DENVER (KDVR) — The Colorado Senate passed five stimulus bills on Thursday. Two are headed for the governor’s desk and three bills are waiting for a final House vote.
Gov. Jared Polis will receive bills addressing small business aid and tutoring for students.
Help for food service industry
Bill HB21-1265 extends sales tax assistance for qualified restaurants, bars, mobile food services, caterers and food service contractors by providing state sales deductions in June, July and August 2021.
“This bill will continue critical relief to local bars and eateries that have been struggling to survive – granting them some necessary breathing room while they get back on their feet,” said Sen. Brittany Pettersen (D-Lakewood).
Funding for tutoring
Bill HB21-1234 funds the Colorado high-impact tutoring program. Grants will be awarded to local education providers to create high-impact tutoring programs.
“Between school closures, at-home learning, and social isolation, students have faced some of the toughest challenges of this pandemic,” said Sen. Dominick Moreno (D-Denver).
The three bills heading back to the House provide funding for agricultural events, a business startup loan program and youth mental health services.
Money for agricultural events
Bill HB21-1262 provides funding for the Colorado Stock Show, the state fair and other agricultural events organizations across the state.
“Without direct support to the agriculture industry, Colorado won’t truly recover from the effects of the pandemic,” said Senate President Leroy Garcia (D-Pueblo).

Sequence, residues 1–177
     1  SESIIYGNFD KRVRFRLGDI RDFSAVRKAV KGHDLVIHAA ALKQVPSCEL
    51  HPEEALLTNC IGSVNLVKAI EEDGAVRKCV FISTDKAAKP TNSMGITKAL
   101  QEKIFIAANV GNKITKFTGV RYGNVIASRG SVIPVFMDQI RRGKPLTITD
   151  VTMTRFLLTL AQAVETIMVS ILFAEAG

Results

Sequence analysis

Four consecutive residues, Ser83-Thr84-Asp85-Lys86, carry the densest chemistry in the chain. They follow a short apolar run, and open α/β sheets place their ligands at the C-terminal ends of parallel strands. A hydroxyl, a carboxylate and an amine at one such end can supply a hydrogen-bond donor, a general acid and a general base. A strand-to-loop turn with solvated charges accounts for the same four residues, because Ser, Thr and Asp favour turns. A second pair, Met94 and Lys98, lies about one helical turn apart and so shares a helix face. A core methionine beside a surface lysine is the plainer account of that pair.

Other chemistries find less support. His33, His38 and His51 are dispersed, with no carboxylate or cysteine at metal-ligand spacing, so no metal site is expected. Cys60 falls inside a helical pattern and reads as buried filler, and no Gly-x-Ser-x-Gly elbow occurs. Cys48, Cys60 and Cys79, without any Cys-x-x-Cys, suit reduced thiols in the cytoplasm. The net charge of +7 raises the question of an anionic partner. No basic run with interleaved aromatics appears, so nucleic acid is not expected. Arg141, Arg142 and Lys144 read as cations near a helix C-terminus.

Colorado Startup Loan Program
Bill HB21-1288 establishes the Colorado Startup Loan Program. It would provide loans and grants for people seeking capital to start, restart or restructure a business.
“With the rapid increase in vaccination rates and the repeal of capacity restrictions, Colorado small businesses are primed for an economic recovery. However, many are still picking up the pieces after the recession of last year,” said Sen. James Coleman (D-Denver).
Mental health resources
Bill HB21-1258 would create a temporary program in the Office of Behavioral Health to reimburse providers for up to three mental health sessions with a young person.
“The pandemic has resulted in increased mental health needs for so many Coloradans, but especially for our young people, whose lives and learning have been severely disrupted over the last year,” said Sen. Janet Buckner (D-Aurora).